between music and deep-rooted passion.”
In this mystical direction a
definition could go no further, but like nearly all writers and
Hazlitt is inclined to use the word poetry in a variety of more or less
ordinarily legitimate enough, but somewhat
embarrassing when it is a question of definition.
which lifts the
spirit above the earth, which draws the soul out of itself with
indescribable longings, is,” he says, “poetry in kind, and generally
to become so in name, by ‘being married to immortal verse.’” If it is
true that Pilgrim’s
Progress and Robinson
Crusoe possess the “essence
the power of poetry” and require only the
addition of verse to become
absolutely so, then
only a factitious
ornament, to be added or removed at the caprice of the writer. But
is careful to declare that verse does not make the whole difference
between poetry and prose, leaving the whole question as vaguely
Bare theorizing, according to his own confession, was
no favorite pursuit
with Hazlitt. He enjoyed himself much more in the analysis of an
individual author or his work. His aversion to literary cant, his love
“saying things that are his own in a way of his own,” were here most in
evidence. [M43] What he says of Milton might appropriately be applied to
himself, that he formed the most intense conception of things and then
embodied them by a single stroke of his pen. In a phrase or in a
he stamped the character of an author indelibly, and, enemy to
though he was, became a cause of commonplace in others. No matter how
might already have been written on a subject (and Hazlitt did not make
practice of celebrating neglected obscurity) his own view stood out
and clear, and yet his judgments were never eccentric. He wrestled with
writer’s thoughts, absorbed his most passionate feelings, and mirrored
back his most exquisite perceptions with “all the color, the light and
shade.” His fertility is more amazing than his intensity, for no critic
nearly equal rank has enriched English literature with so many valuable
and enduring judgments on so great a variety of subjects.
[M44] Dr. Johnson
by common consent the spokesman of the eighteenth century, or of its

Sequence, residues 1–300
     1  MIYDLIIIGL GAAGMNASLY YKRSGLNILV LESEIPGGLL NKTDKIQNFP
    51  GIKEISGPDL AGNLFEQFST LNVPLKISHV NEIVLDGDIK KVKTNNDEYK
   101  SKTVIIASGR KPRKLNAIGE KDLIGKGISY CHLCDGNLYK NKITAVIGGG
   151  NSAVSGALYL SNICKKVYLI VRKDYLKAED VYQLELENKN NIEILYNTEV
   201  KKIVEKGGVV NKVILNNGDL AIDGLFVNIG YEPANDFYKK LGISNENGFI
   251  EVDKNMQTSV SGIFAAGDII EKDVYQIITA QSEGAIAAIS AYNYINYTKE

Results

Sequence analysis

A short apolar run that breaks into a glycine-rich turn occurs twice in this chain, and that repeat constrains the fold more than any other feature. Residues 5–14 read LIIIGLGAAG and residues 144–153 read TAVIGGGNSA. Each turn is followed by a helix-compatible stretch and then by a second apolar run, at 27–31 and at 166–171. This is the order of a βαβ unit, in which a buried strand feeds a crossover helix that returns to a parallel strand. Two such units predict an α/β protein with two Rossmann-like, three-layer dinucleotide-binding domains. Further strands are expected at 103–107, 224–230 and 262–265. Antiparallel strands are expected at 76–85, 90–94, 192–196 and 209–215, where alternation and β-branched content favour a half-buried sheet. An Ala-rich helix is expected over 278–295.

dominant class; Coleridge and Lamb are entitled to the glory of
the literature between Spenser and Milton to English readers, and the
former rendered the additional service of acting as the interpreter of
Wordsworth. But to give an idea of Hazlitt’s scope would require a
of opinions embracing poetry from Chaucer and Spenser to
Byron, prose sacred and profane from Bacon and Jeremy Taylor to Burke
Edward Irving, the drama in its two flourishing periods, the familiar
essay from Steele and Addison to Lamb and Leigh Hunt, the novel from Defoe
to Sir Walter Scott. This does not begin to suggest Hazlitt’s
versatility. [M45] His own modest though somewhat over-alliterative words are that he has
least glanced over a number of subjects—painting, poetry, prose, plays,
politics, parliamentary speakers, metaphysical lore, books, men, and
The importance of Hazlitt’s Shakespearian criticism is
no longer open to
question. Though Coleridge alluded to them slightingly as out-and-out
imitations of Lamb,
dicta on the greatest English genius are
equal in depth to Lamb’s and far more numerous; and while in
and subtlety they fall short of the remarks of Coleridge himself, they
surpass them in intensity and carrying power.
To both of these men
owed a great deal in his appreciation of Shakespeare, and perhaps even
more to August
Schlegel, whose Lectures on Dramatic Literature
reviewed in 1815.
His allusions to Schlegel border on enthusiasm and
he makes it a proud claim that he has done “more than any one except
Schlegel to vindicate the Characters of Shakespeare’s Plays from
his obligation, there
was some point in the compliment of the German critic when he declared
that Hazlitt had gone beyond him (l’avoit dépassé) in his Shakespearian
few years later Heine
maintained that the only significant
commentator of Shakespeare produced by England was William Hazlitt.
it is to be remembered, were not at that
time generally accessible.
Hazlitt’s attitude toward Shakespeare was wholesomely
on this side of
idolatry. He did not make it an article of faith to admire everything
Shakespeare had written, and refused his praise to the poems and most
the sonnets. Even Schlegel and Coleridge could not persuade him to see
beauties in what appeared to be blemishes, but in a general estimate of
Shakespeare’s all-embracing genius he conceived his faults to be “of
as much consequence as his bad spelling.” He saw in him a genius who
comprehended all humanity, who represented it poetically in all its
and varieties. [M51]
He examined all the fine distinctions of character, he
studied Shakespeare’s manner of combining and contrasting them so as to
produce a unity of tone above even the art of the classic unities. From
the irresponsible comedy of Falstaff to the deepest tragic notes of
the whole gamut of human emotions encounters responsive chords in the
critic’s mind—the young love of Romeo and Juliet
or the voluptuous
abandonment of Antony and
Cleopatra, the intellect of Iago irresistibly
impelled to malignant activity or Hamlet entangled in the coils of a
introspection. To the sheer poetry of Shakespeare
he is also acutely
sensitive, to the soft moonlit atmosphere of the “Midsummernight’s
to the tender gloom of “Cymbeline,”
poetry” of “As
Like It.” Some of his interpretations of isolated passages are
be surpassed. He comments minutely and exquisitely on what he considers
be a touchstone of poetic feeling,